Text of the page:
Back from the North with all my fingers.

Hi there. It’s been a year since my last post. I spent the last half year working in Ft. McMurray Alberta, and in that time I neglected everything that I did on the internet. I left people hanging without sending things out and I didn’t upload any videos. I don’t have any real excuses for that other than I was working and it made me feel bad thinking about it.

I have some plans for the website to make it more of a static site with branches that will have all of the different things that i do in separate parts. One of my newest activities is making fishing lures out of different metals and painting them. I hope to show some of these soon, along with some recent flintknapping work and a bit of jewelry. I will also be updating the “store” page so that there are actual items instead of just a link.

Thanks for reading and I’ll be doing more of this soon.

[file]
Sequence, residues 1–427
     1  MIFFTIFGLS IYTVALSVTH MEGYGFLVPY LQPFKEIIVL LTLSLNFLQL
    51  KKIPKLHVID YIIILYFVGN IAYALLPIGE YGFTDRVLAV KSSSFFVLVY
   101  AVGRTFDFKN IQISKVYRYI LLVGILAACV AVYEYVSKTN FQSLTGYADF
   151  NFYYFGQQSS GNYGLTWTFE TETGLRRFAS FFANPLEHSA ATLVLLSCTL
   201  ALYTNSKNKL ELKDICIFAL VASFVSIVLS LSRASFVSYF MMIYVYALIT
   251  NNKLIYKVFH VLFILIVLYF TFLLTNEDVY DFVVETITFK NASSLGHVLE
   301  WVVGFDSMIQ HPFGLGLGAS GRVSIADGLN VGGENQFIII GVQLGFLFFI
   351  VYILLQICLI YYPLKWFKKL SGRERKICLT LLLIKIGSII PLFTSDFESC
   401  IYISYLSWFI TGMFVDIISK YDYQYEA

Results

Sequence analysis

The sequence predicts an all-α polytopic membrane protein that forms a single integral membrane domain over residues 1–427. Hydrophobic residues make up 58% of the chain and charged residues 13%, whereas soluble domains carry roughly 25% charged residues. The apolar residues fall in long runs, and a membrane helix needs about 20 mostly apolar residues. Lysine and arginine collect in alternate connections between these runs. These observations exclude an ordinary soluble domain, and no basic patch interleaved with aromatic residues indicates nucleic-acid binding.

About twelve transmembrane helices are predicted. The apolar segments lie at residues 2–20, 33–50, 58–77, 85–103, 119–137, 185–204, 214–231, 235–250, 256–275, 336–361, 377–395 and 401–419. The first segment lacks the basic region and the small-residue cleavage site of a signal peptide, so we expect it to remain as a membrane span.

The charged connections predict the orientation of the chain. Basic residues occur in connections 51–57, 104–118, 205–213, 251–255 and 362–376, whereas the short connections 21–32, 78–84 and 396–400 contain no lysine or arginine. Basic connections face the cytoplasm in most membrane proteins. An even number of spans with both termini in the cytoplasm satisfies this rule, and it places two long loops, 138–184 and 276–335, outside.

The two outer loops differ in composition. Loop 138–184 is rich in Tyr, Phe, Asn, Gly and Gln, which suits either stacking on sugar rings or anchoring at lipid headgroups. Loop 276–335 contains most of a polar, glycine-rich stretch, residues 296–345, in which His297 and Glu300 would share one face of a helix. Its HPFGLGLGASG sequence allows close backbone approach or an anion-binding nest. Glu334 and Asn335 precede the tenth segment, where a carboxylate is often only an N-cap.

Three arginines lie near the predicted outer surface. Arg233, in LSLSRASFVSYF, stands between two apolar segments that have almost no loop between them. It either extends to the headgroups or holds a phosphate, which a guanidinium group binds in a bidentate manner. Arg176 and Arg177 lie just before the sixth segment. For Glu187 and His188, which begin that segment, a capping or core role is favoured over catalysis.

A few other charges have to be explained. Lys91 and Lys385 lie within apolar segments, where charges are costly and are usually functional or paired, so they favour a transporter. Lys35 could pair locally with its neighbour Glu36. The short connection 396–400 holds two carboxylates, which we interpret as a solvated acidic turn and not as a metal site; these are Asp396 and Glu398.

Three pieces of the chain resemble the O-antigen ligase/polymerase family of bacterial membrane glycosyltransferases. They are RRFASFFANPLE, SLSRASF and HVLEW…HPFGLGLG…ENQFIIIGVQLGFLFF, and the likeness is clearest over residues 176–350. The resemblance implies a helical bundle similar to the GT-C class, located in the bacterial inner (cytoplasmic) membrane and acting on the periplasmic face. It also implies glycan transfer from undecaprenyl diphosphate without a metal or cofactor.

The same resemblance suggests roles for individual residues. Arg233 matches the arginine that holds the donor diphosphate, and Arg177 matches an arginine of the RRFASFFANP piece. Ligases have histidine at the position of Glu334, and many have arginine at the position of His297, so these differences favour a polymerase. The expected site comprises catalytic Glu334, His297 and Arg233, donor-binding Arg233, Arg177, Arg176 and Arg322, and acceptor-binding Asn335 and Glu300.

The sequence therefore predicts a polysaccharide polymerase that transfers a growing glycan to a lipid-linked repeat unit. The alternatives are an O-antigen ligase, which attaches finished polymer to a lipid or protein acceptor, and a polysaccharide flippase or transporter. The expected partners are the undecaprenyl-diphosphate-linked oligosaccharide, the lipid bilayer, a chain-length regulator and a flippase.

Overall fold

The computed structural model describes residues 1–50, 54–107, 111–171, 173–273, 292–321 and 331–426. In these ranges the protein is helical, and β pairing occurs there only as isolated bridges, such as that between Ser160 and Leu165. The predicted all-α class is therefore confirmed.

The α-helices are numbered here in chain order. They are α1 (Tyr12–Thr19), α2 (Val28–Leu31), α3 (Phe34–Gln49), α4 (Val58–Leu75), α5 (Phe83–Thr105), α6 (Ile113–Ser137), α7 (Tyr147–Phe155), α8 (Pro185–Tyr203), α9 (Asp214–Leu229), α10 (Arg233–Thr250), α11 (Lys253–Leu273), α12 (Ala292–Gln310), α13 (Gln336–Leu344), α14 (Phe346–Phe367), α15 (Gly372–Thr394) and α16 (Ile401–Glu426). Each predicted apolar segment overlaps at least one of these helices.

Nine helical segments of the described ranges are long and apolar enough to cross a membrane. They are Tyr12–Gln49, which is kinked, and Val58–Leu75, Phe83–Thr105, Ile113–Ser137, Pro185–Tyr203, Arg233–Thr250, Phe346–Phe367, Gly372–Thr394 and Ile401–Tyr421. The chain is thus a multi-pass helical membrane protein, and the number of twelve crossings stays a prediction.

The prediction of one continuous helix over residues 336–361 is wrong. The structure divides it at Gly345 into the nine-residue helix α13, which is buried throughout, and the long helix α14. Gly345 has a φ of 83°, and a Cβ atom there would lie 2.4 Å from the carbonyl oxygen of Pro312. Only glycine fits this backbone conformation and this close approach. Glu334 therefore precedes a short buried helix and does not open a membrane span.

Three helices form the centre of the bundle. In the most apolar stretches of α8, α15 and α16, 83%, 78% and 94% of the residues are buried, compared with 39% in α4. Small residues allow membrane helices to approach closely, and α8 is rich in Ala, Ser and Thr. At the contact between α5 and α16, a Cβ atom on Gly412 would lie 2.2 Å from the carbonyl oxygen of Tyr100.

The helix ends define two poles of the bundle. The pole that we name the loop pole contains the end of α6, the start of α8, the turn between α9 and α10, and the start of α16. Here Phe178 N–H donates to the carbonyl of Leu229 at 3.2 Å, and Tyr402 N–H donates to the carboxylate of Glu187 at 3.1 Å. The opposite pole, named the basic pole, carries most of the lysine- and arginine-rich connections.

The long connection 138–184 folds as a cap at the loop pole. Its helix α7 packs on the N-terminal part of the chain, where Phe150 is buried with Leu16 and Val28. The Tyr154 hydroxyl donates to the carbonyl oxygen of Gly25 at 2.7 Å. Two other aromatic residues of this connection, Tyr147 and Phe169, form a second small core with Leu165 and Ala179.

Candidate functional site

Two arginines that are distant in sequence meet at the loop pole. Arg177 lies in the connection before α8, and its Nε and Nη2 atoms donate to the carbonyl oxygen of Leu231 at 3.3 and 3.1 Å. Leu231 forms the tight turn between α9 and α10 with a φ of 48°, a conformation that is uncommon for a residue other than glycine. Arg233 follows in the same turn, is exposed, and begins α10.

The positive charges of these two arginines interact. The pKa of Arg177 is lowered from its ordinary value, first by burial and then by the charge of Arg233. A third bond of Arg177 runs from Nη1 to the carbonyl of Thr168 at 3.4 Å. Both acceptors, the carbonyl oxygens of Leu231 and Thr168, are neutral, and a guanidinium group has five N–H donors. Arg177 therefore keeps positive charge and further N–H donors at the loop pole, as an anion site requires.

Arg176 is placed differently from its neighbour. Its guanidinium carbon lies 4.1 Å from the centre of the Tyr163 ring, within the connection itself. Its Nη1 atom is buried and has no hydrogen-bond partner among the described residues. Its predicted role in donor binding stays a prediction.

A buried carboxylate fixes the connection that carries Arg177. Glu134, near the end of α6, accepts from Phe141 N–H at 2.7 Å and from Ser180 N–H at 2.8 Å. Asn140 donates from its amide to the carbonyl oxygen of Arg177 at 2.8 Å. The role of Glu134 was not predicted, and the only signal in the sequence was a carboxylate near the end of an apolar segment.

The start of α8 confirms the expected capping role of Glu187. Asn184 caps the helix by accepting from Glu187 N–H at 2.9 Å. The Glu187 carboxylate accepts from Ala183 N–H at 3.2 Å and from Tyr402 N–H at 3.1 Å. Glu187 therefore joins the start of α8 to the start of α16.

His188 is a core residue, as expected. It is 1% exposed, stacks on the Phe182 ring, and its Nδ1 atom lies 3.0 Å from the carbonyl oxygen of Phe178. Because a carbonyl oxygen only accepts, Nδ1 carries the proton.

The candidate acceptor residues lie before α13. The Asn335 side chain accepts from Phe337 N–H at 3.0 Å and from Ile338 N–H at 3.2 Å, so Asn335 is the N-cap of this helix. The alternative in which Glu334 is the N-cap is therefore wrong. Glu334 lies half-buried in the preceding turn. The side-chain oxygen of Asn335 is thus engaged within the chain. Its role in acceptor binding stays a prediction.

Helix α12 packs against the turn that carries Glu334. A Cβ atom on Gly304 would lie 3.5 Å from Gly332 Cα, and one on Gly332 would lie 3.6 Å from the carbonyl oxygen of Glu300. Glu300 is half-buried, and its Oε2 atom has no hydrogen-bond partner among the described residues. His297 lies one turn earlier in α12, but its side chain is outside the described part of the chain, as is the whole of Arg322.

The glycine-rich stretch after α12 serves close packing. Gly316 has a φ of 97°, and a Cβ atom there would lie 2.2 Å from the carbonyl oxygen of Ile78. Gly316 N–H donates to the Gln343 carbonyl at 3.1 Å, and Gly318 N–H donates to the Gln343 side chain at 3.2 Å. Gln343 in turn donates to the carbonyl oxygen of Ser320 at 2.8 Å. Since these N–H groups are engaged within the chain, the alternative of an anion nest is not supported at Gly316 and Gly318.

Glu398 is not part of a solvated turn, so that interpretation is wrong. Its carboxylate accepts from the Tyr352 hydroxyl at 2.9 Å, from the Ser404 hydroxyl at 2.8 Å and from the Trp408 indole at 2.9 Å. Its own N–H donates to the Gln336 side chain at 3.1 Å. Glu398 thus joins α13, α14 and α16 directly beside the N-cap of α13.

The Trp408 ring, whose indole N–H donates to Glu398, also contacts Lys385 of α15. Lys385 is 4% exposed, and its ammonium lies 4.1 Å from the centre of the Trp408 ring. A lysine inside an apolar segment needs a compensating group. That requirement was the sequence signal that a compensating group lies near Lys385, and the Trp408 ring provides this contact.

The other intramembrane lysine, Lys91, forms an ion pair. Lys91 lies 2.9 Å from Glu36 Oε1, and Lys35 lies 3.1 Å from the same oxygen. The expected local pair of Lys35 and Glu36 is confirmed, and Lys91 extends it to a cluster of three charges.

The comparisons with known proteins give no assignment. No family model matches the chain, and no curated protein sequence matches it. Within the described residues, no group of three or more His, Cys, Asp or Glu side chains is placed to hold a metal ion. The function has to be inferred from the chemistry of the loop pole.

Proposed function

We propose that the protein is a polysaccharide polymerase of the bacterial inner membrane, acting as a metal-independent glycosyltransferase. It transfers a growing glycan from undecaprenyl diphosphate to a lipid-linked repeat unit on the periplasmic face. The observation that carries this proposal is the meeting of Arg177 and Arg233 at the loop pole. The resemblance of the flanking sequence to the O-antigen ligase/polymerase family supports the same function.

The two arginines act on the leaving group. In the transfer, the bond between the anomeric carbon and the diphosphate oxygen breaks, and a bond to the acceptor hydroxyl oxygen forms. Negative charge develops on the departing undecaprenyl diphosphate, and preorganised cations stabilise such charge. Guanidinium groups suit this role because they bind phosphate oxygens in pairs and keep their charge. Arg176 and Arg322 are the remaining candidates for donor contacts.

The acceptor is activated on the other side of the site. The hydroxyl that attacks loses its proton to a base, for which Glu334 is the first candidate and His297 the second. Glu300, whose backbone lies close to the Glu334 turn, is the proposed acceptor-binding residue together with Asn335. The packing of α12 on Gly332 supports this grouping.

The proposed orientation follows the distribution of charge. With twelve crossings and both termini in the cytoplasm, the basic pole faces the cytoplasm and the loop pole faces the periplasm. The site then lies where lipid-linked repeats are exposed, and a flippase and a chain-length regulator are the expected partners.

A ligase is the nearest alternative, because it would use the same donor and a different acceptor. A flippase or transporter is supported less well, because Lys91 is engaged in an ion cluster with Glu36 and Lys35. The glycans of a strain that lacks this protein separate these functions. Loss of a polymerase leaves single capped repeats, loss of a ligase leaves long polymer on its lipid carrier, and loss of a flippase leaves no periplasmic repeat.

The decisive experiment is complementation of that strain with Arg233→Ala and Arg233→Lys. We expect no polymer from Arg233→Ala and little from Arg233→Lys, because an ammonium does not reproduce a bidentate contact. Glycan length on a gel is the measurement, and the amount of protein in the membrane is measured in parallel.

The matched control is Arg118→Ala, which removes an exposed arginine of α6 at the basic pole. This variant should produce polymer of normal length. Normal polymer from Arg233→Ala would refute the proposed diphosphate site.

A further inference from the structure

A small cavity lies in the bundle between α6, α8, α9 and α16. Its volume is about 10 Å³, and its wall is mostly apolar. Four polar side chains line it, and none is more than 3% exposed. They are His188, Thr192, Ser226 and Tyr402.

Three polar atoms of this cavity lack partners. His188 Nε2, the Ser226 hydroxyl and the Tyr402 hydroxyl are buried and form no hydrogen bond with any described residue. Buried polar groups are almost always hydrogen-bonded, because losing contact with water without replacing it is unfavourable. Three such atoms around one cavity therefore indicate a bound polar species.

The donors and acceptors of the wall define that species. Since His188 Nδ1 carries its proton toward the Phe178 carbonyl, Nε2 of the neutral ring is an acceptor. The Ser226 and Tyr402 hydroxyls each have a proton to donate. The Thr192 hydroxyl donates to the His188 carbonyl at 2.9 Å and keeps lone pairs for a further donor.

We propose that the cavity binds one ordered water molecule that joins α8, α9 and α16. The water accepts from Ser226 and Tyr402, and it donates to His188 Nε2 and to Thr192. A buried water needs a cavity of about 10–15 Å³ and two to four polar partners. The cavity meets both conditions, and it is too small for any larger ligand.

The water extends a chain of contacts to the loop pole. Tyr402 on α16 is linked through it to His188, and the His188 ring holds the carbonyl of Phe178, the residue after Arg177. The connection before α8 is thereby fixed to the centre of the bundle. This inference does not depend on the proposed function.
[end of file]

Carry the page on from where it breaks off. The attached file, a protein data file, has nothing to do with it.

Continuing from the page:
Here’s a sneak peak:

Homemade coloured glass arrowhead, copper fishing spoon and a silver ring made from a 1963 dime.



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Big Foot exists :: new evidence



Last May, I went up to Campbell river with my grandparents to go fish the Elk river. Every year I try to come up and catch some rainbows as they enter the river to spawn.

We had another late spring this year, on BC but not quite as late as last year. grandpa and I fished all day and couldn’t catch a thing. But here’s the story of how I found this.